BrightSign announces its longstanding collaboration with Digital Design Services, Inc., delivering innovative visitor experiences at attractions throughout the United States. The U.S.-based integrator works in all forms of digital media, specialising in interactive multimedia applications and museum exhibits, including mobile device applications & visitor engagement, custom touchscreen kiosk software, and museum exhibit software development & deployment.
For many years, Digital Design Services has relied heavily on BrightSign’s media players not for their digital signage capabilities, but for their ability to create convincing simulations and interactive experiences at venues throughout the country.
“We have used BrightSign’s hardware for a decade. Year after year they have proven their resilience to withstand heavy daily use, with a reliability track record that simply cannot be matched. BrightSign’s dedicated operating system enables the highest level of integrity in our presentations, and their outstanding security ensures that the hundreds of BrightSign players we have in the field are protected and online at all times.”
The company’s work with BrightSign dates back to 2010, when Digital Design Services used two HD410s and an HD810 media player to power interactive exhibits at the Forest County Potawatomi Cultural Center in Wisconsin.
Around the same time, Digital Design Services installed a new visitor information system in the entrance Gathering Place of the Milwaukee County Zoo, which serves up to 710,000 guests annually, using an HD210 to display locally produced animal videos and two XD230 players for event information. In the years since these players were installed, Digital Design Services has grown the BrightSign family of products at this attraction to more than 30 players, extending the guest experience through educational touch applications and vignettes of animals within the zoo.
Digital Design Services has since progressed into more complicated applications, taking advantage of the advanced capabilities of BrightSign’s newer media players. For example, the LEGOLAND Discovery Center in Kansas City features a digital “tornado” which uses projection mapping to simulate the Wizard of Oz tornado scene with Dorothy’s LEGO house. At this and three other North American locations, projectors connected to Series 4 BrightSign LS players are mapped to the walls to provide synchronised day and night scenes, weather effects, fireworks and digital LEGO models flying and floating by.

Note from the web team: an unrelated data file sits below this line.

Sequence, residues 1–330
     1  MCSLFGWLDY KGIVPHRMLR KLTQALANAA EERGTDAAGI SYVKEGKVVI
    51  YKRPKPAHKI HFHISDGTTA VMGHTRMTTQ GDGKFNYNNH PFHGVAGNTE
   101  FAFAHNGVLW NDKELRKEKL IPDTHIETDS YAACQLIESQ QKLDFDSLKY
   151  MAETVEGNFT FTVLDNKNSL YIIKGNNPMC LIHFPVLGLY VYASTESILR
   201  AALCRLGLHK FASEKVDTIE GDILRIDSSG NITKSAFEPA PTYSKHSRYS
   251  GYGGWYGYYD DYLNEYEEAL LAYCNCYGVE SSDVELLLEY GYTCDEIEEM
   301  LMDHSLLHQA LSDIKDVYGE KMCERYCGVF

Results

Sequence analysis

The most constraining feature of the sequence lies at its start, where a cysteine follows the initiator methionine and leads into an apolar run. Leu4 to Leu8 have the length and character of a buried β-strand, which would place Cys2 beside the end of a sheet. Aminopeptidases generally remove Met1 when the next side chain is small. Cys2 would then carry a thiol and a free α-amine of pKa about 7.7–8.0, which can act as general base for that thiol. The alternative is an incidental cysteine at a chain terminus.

Another creative use of BrightSign’s media players is on display at SEA LIFE Aquariums in Kansas City, MO and Grapevine, TX. Visitors use touchscreen interactivity to learn detailed information about the various sea creatures on display. Several immersive experiences throughout the aquariums feature projectors connected to BrightSign LS424 media players. Some may illuminate crabs that creep around the floor before scurrying away to disappear from view. Others feature flying seagulls, schooling fish, bubbles on the floor, splashing raindrops and more.
The company also created a very realistic ship lock simulator for the U.S. Army Corps of Engineers at the Lake Superior Maritime Visitor Center in Duluth, Minnesota. Digital Design Services took painstaking care to retrofit the original 1943 MacArthur lock operator control panel. Using five 42-inch commercial-grade LED displays attached to five BrightSign 4K media players and all of the original switches, visitors experience and control a ship moving through the Soo Locks. A second replica simulator based on the original was designed and built for use in the Soo Locks Visitor Center in Sault Ste. Marie, MI.
At the Fort Chadbourne Visitor Center and Museum in Bronte, TX, an elaborate diorama depicting life at the fort in the mid-1800’s was created using hybrid BrightSign hardware. Touch-interactive Mimo Monitors displays with BrightSign Built-in HS124 SoC gives visitors the ability to remotely trigger everyday activities such as raising and lowering the flag, playing Reveille and illuminating specific waypoints on the fort with integrated LED lighting. This interactive experience puts the visitors in control and creates a vivid depiction of everyday life at Fort Chadbourne more than 170 years ago.
In one of its most engaging simulations, Digital Design Services recreated a World War II submarine simulator at the Wisconsin Maritime Museum in Manitowoc, WI. The simulator is fully operational, using BrightSign’s LS424 media players to relay input from a torpedo control panel, control gauges with movement to simulate the submarine’s depth, speed and direction, and trigger the corresponding audio and video scenes to bring the battle experience to life.
This is just a sampling of the many ways talented AV professionals can harness the power of BrightSign’s media players to create immersive experiences at exhibits and attractions. The work by Digital Design Services is a shining example of how such a vast diversity of visitor experiences can be driven by the BrightSign ecosystem.